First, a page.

Koski v Terago Networks Inc.

Koski was dismissed without cause and without notice after 13 years of employment. Although he had an employment contract, it did not include a termination clause. The Supreme Court of British Columbia found that Koski was entitled to the bonus he would have received during his notice period despite a bonus plan/policy that contained restrictive language to the contrary.  Terago Networks was liable for Koski’s bonus during the notice period, with total damages of $102,670.62. In reaching this decision, Justice Hori discussed previous cases including Paquette and Matthews, which found that terms requiring employees to be “full-time” or “actively employed” will not suffice to remove an employee’s common law rights to damages.

Foster v Aviva General Insurance

CERB not akin to EI and not deductible from IRB

In the recent Licence Appeal Tribunal (“LAT”) reconsideration decision of Foster v Aviva, 2021 ONLAT 19-014657/AABS adjudicator Vice Chair Boyce granted the applicant’s request for reconsideration. In the initial decision, adjudicator Ferguson suggested that the applicant’s receipt of the Canada Emergency Response Benefit (“CERB”) and Canada Recovery Benefit (“CRB”) should be treated in the same manner as employment insurance benefits, or other remuneration from employment, and therefore deductible when calculating an income replacement benefit (“IRB”).

The applicant requested that the LAT review adjudicator Ferguson’s determination of the deductibility of the CERB / CRB for IRB purposes.  The applicant requested that the original decision be replaced with a decision that the CERB is not deductible from their IRBs.  The respondent, Aviva submitted that it agreed with the applicant and that the LAT erred in determining that the CERB was deductible.

Vice Chair Boyce found that the Tribunal made an error of law, and granted the applicant’s request for reconsideration under Rule 18.2(b) of the Tribunal’s Common Rules of Practice and Procedure. The Vice Chair found that Adjudicator Ferguson in the previous decision incorrectly focused on the definition of “gross employment income” to conclude that CERB is deductible from IRBs as “other remuneration from employment” pursuant to subsection 7(3)(a).

Working for Workers Act, 2021

Results Mediators Right to Disconnect
On November 30, 2021 Ontario passed Bill 27, the Working for Workers Act, 2021 (the “Workers Act”) with Royal Assent expected to follow within the coming weeks. Four key highlights of the Workers Act, are as follows:

1. The “right to disconnect” requires employers with 25 or more employees to develop a written policy addressing employees’ ability to disconnect from work. The Workers Act defines “disconnecting from work” as not engaging in work-related communications, including emails, telephone calls, video calls or the sending or reviewing of other messages, so as to be free from the performance of work.

2. Another significant development in the Workers Act is the outright ban on non-compete agreements between employers and employees, whether in an employment contract or stand-alone agreement. While such clauses have long been difficult for employers to enforce, an out-right ban is a significant development for both employers and employees, and does away with the common law test for enforceability that focused on whether the clause was reasonable in terms of its scope and duration. There are two exemptions to the ban on non-competes, one is for executives and the other is where the clause is signed as part of the sale of a business and the seller of the business becomes an employee of the purchaser following the sale.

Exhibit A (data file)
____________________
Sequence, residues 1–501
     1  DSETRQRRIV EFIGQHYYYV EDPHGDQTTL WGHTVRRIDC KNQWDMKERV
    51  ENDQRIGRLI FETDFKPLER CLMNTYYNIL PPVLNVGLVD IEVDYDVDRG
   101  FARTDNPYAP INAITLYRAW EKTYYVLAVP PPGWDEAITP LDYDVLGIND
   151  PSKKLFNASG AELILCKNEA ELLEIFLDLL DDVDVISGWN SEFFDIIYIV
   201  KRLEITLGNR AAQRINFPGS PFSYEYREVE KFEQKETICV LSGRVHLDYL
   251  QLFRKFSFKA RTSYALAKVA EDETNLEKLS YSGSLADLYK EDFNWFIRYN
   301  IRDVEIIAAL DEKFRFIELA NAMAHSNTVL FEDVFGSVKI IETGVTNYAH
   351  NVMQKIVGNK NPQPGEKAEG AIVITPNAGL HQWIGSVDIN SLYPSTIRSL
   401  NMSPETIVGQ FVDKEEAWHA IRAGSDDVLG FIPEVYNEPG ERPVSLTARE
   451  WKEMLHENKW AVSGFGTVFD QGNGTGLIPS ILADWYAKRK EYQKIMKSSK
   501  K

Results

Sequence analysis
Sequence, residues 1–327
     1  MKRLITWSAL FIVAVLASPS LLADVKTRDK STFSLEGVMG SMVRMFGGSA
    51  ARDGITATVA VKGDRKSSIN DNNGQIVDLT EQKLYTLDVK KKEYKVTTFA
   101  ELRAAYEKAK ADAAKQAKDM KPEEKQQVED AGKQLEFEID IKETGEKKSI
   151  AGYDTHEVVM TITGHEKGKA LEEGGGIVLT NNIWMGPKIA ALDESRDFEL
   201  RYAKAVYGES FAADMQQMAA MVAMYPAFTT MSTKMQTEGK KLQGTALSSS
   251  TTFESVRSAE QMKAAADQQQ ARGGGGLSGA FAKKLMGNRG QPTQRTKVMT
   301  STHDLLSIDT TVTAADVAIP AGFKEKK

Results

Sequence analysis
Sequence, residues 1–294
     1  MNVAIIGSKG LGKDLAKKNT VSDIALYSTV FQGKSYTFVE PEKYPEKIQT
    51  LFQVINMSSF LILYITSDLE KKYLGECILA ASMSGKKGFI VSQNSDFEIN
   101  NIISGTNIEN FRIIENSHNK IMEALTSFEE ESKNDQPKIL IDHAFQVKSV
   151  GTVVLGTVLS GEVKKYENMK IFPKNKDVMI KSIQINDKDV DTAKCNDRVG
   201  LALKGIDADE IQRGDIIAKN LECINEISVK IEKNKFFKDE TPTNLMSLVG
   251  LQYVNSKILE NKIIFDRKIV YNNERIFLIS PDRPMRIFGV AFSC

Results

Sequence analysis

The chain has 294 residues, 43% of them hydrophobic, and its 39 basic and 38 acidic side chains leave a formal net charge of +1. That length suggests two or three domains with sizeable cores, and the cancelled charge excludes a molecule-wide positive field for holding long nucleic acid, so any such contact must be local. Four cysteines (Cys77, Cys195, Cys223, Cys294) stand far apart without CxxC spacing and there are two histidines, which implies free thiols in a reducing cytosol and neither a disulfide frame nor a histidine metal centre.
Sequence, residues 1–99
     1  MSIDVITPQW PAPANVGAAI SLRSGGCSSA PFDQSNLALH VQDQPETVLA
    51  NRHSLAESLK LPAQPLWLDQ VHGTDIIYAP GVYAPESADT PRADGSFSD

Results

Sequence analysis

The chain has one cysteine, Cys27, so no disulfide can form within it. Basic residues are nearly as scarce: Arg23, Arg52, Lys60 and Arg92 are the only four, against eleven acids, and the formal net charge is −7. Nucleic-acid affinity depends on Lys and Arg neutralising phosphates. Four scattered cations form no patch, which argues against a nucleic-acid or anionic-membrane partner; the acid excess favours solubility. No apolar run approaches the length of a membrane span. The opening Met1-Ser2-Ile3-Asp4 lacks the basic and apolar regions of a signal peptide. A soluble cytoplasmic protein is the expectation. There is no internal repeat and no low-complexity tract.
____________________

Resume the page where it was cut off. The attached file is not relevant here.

3. The Workers Act eliminates Canadian work experience as a requirement for professional registration and licensing for internationally trained foreign workers. The changes will apply to specific professions, including law, accounting, architecture, engineering, electrical and plumbing. The changes will not, however, apply to the medical field.

4. Lastly, temporary help recruiting agencies will require a license to operate and will be penalized for charging workers illegal recruitment fees. These changes aim to assist foreign workers in avoiding scams and deceitful recruiters when looking for work in Ontario.

Booking Mediations as of October 1, 2021

We are very pleased and excited to announce that Avril Hasselfield and Susan Rai have formed Results Mediators to provide you with professional mediation services!

We both started our legal careers in private practice with a focus on representing Plaintiffs and then moved in-house into the Insurance and Financial Services industry representing all lines of business with their litigation.  Together we have over 35 years of litigation experience on both sides of disputes.

Having participated in countless mediations throughout our careers we have always recognized the value of allowing parties to resolve matters on their own terms outside the courts.

To polish our skills we completed the Mediating Disputes program at Harvard Law School and are ready to take on the roles of mediators to work with you to facilitate your settlements.

We look forward to assisting you with your next mediation and would love to hear from you.

Welcome to Results Mediators

Results Mediators provide effective and economical conflict resolution services to both corporate and private clients for litigated and non-litigated matters across Canada. We believe that mediation creates the best opportunity for parties to find a mutually acceptable result in contrast to the uncertain, costly, and lengthy litigation process.